– Some mix seeds with SAND to spread while casting. I would use SALT instead (keeps slugs away, retains moisture, is light colored so you can see how thin your “MIX” is prior to casting).
      – Did you get a chance to see our FULL 5-Part Tutorial? (which we had to cut into 5 parts due to the mere size of the data included – Best Viewed on Desktop or Laptop)
      – There is also lots of info in our replies to the 130+ Comments on Part 1.
      – Ok, I think I gave enough FREE EDUCATION for today (and I don’t remember selling anyone “millions of seeds”).
      But still glad to help, but need to move on to help other Customers right now.
      Thanks!
      -OrgBot

      Reply

  4. donovanshooter
    02/26/2018 @ 7:00 pm

    I live in south Louisiana. Zone 9. Are there some variety’s that do better in warmer climates than others? If so, could you suggest a few?

    Reply

    • OrganicalBotanicals
      02/27/2018 @ 12:00 pm

      • No, not really. When it comes to Papaver Somniferum Poppies, they will all require the same conditions. (unless you plant the only 55-day, Quick Maturing, “Izmir Afghan Poppy”: aka: the Late Chinese Seeds – which aren’t the cheapest, but are superior).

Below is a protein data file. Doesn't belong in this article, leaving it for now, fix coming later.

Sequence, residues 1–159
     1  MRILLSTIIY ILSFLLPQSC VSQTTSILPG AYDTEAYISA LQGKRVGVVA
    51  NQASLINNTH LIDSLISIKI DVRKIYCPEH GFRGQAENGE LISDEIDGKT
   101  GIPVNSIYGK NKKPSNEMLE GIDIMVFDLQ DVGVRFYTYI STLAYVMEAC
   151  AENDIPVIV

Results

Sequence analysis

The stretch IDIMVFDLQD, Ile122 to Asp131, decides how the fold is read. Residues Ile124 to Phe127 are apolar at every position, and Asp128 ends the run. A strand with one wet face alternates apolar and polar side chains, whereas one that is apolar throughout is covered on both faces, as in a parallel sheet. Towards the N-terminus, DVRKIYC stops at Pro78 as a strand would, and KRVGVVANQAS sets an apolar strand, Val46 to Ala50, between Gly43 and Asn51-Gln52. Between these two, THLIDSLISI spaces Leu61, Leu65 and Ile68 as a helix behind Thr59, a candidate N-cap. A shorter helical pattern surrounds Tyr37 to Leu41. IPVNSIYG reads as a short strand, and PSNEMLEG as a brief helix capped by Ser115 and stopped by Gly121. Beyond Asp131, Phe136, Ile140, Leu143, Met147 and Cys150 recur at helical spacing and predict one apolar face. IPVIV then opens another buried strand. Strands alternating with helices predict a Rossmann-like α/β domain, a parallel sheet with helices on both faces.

But even they prefer the same conditions as all other Somniferum Poppies:
      • COOL Temps, LOT’s of Light, Space, Nutrients (especially Nitrogen). As well as Protection of Seeds & Sprouts during Germination Period.
      – As explained in our MAIN TUTORIAL Here
      Also, see our Answers to the 150+ USER COMMENTS
      (MOBILE Version).
      • Although Poppies will sprout in almost any Climate above Freezing (assuming other conditions are provided), they (their seeds) prefer to be planted in Temps between Freezing, and 65ª-70ª Degrees (F)– But can withstand Temps up to 95ª and above, once Mature.
      Now, it’s important to note that, because their Genetics store this information, sometimes Poppies will Sprout, then sadly die within a few days (or weeks, depending on the rate Temperatures change in your area) after being planted.
      But, NOW is the TIME to PLANT!!
      • Even If Temps are getting warmer than 70ª-80ª Degrees (F) in your area, it’s NOT too late!!
      • We have created a TUTORIAL for WARM CLLIMATES and/or Late Bloomers HERE (MOBILE Version)
      • We don’t have Pics of our ICE Method, but you’ll see other User’s give positive feedback on their own adoption of the idea in the COMMENTS Section (bottom)

      Reply